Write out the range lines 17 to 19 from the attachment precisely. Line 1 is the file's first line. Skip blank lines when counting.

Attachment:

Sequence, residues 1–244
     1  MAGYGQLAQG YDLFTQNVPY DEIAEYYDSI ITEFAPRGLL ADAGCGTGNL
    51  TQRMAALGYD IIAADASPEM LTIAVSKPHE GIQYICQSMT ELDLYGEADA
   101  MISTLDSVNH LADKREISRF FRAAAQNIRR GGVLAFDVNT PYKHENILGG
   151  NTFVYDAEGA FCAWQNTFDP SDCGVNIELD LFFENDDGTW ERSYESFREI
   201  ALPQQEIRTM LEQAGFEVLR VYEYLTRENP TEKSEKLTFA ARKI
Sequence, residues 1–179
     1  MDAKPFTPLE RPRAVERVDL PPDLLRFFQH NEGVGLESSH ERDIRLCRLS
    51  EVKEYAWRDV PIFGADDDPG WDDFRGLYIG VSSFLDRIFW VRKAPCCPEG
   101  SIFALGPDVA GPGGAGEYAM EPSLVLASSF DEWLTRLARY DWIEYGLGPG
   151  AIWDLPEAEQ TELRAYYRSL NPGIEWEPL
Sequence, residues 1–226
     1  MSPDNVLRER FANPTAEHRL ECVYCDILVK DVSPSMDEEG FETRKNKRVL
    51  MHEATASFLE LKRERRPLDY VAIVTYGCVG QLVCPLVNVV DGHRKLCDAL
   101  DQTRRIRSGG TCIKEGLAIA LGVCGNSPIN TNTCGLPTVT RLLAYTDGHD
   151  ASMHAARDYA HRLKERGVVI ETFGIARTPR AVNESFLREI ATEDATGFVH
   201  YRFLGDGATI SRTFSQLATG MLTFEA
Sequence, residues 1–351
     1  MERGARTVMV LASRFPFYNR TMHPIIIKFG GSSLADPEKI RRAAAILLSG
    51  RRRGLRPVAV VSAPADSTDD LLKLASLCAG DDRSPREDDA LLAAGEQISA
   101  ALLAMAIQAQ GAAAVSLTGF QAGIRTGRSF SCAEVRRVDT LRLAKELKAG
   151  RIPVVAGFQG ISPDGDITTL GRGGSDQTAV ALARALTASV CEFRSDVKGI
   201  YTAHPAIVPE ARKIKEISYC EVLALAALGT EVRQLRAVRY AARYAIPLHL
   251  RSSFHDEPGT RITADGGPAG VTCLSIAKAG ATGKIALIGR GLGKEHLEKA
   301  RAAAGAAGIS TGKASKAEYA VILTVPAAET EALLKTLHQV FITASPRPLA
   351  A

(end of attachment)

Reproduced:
   201  YRFLGDGATI SRTFSQLATG MLTFEA
Sequence, residues 1–351
     1  MERGARTVMV LASRFPFYNR TMHPIIIKFG GSSLADPEKI RRAAAILLSG